Northern Pearly-eye at Monocacy NRMA

After finishing up just before the gates closed at 5:30 at Lilypons, I headed down the road to the bridge over the Monocacy River on Rt 28 and the trailhead for a number of paths through the Monocacy Natural Resources Management Area near Dickerson.

Monocacy NRMA trailhead at Route 28

Monocacy NRMA trailhead at Route 28

It was already getting pretty dim on the trail, which is mostly heavily shaded, by the time I got on the trail at 6 pm.  But I quickly spotted first one, then a dogfight of three or four, Northern pearly-eyes — quite fresh, very dark, and with impressively large eyespots.  All the pearly-eyes I saw (8 total) were in the first quarter mile or so of the trail.

In most places, the trail is single-file and crowded on both sides with the introduced invasive Japanese stiltgrass, Microstegium vimineum.  Two females farthest down the trail were both fluttering mothlike in the gathering twilight in the stiltgrass, and I watched both oviposit multiple times on the wide blades.  Most of the eggs were in clusters; the one I examined most closely was a cluster of four, greenish eggs laid singly but touching each other on the underside of the leaf.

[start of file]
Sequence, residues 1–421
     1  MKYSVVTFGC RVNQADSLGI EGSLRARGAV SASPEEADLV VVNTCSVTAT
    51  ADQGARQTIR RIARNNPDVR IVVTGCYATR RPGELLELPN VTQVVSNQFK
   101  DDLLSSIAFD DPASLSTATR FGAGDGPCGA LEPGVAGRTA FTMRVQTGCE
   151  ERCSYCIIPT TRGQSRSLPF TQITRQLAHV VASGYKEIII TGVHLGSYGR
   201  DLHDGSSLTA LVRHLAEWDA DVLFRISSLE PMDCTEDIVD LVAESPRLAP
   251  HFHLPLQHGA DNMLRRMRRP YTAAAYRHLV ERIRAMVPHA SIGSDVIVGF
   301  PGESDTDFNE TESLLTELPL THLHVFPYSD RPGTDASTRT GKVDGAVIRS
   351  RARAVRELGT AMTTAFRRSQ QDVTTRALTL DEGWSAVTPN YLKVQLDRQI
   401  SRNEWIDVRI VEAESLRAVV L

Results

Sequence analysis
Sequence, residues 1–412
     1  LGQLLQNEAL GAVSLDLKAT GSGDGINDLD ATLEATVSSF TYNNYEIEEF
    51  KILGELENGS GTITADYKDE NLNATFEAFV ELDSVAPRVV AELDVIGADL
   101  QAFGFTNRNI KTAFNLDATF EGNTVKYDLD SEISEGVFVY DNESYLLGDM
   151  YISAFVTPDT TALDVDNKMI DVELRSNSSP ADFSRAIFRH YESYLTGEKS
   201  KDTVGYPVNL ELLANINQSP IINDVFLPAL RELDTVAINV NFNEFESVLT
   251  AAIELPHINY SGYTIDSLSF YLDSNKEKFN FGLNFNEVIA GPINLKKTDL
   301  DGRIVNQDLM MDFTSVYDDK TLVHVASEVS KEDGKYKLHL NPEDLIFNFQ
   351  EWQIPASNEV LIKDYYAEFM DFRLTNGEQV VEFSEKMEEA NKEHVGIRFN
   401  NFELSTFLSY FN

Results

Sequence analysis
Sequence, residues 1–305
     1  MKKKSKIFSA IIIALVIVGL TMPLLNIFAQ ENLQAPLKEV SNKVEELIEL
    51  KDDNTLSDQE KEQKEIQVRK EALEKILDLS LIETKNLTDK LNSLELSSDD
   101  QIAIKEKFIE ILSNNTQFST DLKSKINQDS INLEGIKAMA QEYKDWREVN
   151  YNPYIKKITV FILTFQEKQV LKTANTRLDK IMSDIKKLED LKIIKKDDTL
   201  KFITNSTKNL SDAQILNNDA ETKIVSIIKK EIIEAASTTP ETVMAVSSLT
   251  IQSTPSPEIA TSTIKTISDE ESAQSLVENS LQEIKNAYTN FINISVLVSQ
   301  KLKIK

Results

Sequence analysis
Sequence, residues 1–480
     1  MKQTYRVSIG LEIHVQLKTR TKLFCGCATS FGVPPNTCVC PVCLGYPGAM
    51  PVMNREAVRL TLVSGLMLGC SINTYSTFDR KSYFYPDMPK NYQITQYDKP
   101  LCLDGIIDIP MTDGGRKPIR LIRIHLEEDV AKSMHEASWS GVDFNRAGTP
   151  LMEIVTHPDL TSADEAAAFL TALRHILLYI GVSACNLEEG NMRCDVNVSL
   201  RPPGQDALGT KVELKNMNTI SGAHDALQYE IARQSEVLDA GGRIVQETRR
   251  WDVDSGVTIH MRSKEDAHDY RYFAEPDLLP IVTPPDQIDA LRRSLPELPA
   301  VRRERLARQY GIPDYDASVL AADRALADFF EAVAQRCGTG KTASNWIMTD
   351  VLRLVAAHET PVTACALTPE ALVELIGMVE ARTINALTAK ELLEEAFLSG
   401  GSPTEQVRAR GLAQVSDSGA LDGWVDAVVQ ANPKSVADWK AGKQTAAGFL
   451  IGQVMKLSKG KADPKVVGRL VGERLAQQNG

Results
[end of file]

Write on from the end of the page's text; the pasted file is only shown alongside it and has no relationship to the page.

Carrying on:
Similar behavior has been noticed before along the Potomac by Robert Robbins.

There are a number of glades and clearings father down the trail that deserve a good look in the middle of the day when it’s sunny along the trail; I expect to head back soon.

This entry was posted in checklists, general butterfly news, Maryland Big Year, state butterflies. Bookmark the permalink.

One Response to Northern Pearly-eye at Monocacy NRMA

  1. Alex says:

    I saw two caterpillars today at River Bend Park on the Potomac in VA. They were both on the same clump of Japanese stiltgrass, but were not pearly eyes. My description will be vague: slimmish, black body, with many fleshy spines of very pale yellowish-green. I only stopped to look because, well, something that eats stiltgrass?

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